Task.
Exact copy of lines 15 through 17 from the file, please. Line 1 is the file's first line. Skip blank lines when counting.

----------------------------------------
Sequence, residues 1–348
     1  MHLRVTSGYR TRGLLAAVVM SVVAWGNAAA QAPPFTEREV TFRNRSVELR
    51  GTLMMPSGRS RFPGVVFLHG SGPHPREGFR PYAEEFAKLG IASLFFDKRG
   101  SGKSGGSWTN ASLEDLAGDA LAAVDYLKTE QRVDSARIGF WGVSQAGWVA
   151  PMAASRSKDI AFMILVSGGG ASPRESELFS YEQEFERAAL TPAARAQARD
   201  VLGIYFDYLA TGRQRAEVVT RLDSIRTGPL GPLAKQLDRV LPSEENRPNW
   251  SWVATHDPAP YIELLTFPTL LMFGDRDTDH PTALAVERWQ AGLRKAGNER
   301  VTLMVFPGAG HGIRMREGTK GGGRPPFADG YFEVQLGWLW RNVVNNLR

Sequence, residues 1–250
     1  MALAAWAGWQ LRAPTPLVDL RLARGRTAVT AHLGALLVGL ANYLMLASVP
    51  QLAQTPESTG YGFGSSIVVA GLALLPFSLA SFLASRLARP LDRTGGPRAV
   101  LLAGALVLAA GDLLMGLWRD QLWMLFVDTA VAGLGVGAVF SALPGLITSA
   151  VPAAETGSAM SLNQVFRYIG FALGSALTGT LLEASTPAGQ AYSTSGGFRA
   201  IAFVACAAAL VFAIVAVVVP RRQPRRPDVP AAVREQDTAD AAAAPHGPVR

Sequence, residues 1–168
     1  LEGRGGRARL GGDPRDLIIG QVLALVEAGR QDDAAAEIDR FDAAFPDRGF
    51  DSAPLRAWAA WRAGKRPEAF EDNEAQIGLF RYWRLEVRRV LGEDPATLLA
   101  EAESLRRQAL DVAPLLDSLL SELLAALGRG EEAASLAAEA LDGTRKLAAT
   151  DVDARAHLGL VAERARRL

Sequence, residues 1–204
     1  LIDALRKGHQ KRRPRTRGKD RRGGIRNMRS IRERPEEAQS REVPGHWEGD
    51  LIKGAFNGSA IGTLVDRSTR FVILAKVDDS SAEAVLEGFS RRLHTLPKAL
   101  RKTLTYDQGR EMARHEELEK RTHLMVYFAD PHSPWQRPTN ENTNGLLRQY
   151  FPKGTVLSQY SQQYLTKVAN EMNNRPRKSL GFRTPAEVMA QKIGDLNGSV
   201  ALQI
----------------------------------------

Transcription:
Sequence, residues 1–168
     1  LEGRGGRARL GGDPRDLIIG QVLALVEAGR QDDAAAEIDR FDAAFPDRGF
    51  DSAPLRAWAA WRAGKRPEAF EDNEAQIGLF RYWRLEVRRV LGEDPATLLA